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Podfishin': Castin' The Net

By Dave Davis · September 6th, 2006 · Distribution Revolution
Oliver Meinerding

By now even grandma knows what an iPod is. Apple's tiny players changed the shape of music -- the antithesis to the challenge of Napster, the iPod created a way to sell music at a lower cost to fans, with higher margins for artists.

Beyond that, it spawned a new medium, the "podcast." A podcast can be any kind of media, from radio and TV shows to home video or audio postcards. While "webcasting" is nothing new, the best content has historically been "tethered" to a computer. Most shows could be streamed, but not saved. We could play them whenever we wished, but not wherever, since a connection to the Internet was needed.

Podcasting started as Apple's response to broadcasting. The iPod's market potential was limited because it lacked topical content found over the air, like news, sports and talk. By creating a simple, affordable and open mechanism with millions of users, broadcasters, social groups/organizations, companies and individuals were attracted to participate. Given iPod's success, participation was a no-brainer. So producers, drawn like moths to the flame, have filled the iTunes store with shows. The market's quickly grown beyond Apple, and so we've reached an unusual juncture: a flood of content, relatively accessible and typically free, has outpaced our ability to locate and consume it! Podcasting's turned the whole Napster frenzy on its head: We have more high quality, legal programs than anyone has time to hear or watch!

The iTunes store isn't the only place to find podcasts. Podcasting has bred a generation of enthusiasts, amateur and professional.

There are many aggregators (lists of podcasts on a Web site, the way Yahoo used to be, before Google) like iTunes, but most of The Usual Suspects (networks, radio stations, etc.) offer them on their own Web sites. And why not? What better way to get the message out to interested parties! RSS (Really Simple Syndication) works much like the old newswires of the 20th century (always-on connections to a ticker service). The key difference is that individuals don't merely subscribe; they can publish these feeds. These streams can carry all kinds of data. Podcasts can be carried via RSS to any Web browser, expanding the possibilities far beyond Apple's original vision. Today iTunes is just one podcast outlet among many. From familiar names like Yahoo! Podcasts, AOL, Odeo and MSN to the upstarts with a twist, like Podzinger, Podscope, Podnova and Feedster, it's easy to google up something new and different to hear.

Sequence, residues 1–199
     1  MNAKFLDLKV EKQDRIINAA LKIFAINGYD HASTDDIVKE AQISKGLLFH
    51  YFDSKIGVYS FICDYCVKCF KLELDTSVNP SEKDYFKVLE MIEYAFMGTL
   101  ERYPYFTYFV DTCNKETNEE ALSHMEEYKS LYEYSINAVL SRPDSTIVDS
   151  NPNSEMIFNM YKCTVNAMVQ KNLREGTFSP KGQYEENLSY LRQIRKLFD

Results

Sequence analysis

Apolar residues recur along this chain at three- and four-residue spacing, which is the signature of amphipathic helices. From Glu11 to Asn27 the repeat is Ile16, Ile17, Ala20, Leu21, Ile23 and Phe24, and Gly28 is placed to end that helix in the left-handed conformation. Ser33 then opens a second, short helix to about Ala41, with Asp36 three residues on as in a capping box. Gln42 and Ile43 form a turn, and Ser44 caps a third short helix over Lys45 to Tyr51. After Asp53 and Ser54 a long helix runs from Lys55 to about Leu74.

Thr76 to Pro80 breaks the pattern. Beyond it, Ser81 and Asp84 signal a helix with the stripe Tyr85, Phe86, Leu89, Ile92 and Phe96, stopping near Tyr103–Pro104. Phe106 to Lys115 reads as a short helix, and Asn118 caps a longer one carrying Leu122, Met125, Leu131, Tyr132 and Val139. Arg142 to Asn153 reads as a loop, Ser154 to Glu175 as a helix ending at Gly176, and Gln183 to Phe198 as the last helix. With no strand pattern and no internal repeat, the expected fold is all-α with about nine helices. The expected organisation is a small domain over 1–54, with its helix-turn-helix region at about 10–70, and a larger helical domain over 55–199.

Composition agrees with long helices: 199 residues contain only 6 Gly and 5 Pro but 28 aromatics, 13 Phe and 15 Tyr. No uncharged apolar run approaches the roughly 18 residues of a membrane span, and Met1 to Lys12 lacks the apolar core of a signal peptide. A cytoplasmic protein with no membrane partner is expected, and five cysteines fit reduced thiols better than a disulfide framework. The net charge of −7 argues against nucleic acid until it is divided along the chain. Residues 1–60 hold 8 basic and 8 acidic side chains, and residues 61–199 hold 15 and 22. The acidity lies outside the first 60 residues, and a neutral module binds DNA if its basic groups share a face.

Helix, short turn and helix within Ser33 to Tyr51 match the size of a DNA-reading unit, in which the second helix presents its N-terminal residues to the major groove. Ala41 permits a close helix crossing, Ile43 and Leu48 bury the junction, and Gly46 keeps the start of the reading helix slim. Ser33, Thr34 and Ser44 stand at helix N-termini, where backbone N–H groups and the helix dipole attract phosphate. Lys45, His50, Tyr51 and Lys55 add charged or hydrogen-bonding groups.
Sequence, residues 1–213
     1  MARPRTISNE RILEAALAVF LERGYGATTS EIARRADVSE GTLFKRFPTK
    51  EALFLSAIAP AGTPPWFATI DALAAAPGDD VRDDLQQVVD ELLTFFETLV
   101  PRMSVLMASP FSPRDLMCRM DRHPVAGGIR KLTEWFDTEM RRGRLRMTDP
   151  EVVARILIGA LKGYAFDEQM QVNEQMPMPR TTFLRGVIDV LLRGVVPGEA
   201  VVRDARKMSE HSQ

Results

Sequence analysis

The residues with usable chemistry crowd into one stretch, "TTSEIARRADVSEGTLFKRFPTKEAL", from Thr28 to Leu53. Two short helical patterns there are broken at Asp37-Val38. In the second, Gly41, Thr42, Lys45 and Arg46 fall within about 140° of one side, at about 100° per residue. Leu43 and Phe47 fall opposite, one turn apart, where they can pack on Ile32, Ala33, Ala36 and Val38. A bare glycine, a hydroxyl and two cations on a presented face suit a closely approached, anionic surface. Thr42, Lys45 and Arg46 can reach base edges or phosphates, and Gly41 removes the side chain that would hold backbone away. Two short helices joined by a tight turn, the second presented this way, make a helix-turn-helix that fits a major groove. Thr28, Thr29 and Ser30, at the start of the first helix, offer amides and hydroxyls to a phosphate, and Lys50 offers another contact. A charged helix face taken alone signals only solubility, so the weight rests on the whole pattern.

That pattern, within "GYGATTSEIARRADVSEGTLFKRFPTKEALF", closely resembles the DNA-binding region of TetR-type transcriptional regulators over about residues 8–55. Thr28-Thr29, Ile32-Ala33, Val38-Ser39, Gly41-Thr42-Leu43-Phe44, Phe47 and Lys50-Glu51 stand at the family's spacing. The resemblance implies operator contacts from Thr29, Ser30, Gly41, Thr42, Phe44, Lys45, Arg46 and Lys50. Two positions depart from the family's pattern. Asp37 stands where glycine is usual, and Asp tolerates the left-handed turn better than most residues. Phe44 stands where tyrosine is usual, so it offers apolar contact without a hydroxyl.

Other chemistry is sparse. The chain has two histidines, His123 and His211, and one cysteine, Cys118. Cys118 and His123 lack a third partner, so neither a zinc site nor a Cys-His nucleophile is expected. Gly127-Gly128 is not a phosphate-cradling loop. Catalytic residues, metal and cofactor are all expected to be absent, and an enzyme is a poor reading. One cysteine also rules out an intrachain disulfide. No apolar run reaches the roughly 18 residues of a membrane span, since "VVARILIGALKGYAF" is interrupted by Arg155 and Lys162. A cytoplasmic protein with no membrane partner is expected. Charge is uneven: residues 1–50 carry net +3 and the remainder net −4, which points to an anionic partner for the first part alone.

I discovered podcasts the usual way -- looking for free fuel for my iPod. I quickly found more stuff than I could possibly listen to! Fortunately, the iTunes store has a good search engine to match their great selection. And they're clearly happy to give away other people's intellectual property. Touch the "Podcasts" tab in the Apple store, and you're presented with the same attractive, well-edited tableau of the most accessible podcasts, neatly categorized by interests and genre. For instance in Sports, there are two Bengals podcasts and a Major League Baseball-sponsored Reds show. The music podcasts, like the iTunes radio options, are quite rich, varied and in every way better than terrestrial radio. There are good shows being produced in every genre, playing mixes that rival the heyday of radio.

Depending on whom you ask, digital delivery is the destroyer or the salvation of Music As We Know It. Since iTunes and Napster are hit-driven, searching for one's favorite songs discovers few new artists. Programmed music -- sequencing songs like radio -- is the answer to this problem. Copyright laws make it difficult for producers to introduce fans to artists, but podcasters have come up with novel solutions to that problem. By focusing on individual artists and adding interviews or working entirely with indies, podcasters have been able to produce some amazing mixes and shows.

Podcasting is irresistible to a music geek. The Beach Boys Pet Sounds 40th Anniversary 'casts are worth a listen. Via podcast, KCRW's famous "Morning Becomes Eclectic" out of California makes I-75 feel like the Hollywood Freeway.

Smithsonian Folkways offers 24 one-hour programs exploring the world's most famous Folk music collection, with music and interviews from Lead Belly to Ani DiFranco. Jann Wenner's historic 1970 interview with John Lennon is an easy find (and three hours long!). World Café featured local heroes The Hiders via iTunes' store, and there's a fun interview with Greg Dulli on a Twilight Singers podcast. And of course, if you're a Deadhead, there's no shortage of Deadcasts.

Here's my guilty pleasure: I confess I subscribe to Daniel Liss' often written-about video blog "Pouring Down," which has an eclectic mix of text, graphics, words and sounds. It's impossible to describe the wide vision (it's unclear whether Daniel himself can!), but it's broadly about interactions with this mediated world. His podcasts are often inter-related -- currently he's working "seven maps," where he responds directly to input from viewers, who are collaborators on many levels, including funding.

There's not enough space in CityBeat to cater to every reader's tastes, so we'll tackle this as an ongoing feature in Distribution Revolution. Consider this the introduction. Every few months we'll take a look at the state of podcasting in general, and highlight the most interesting things going on. And maybe, if the editor lets me, we'll take it to the Web with a podcast of our own!

DAVE DAVIS makes records and designs new media at Sound Images.


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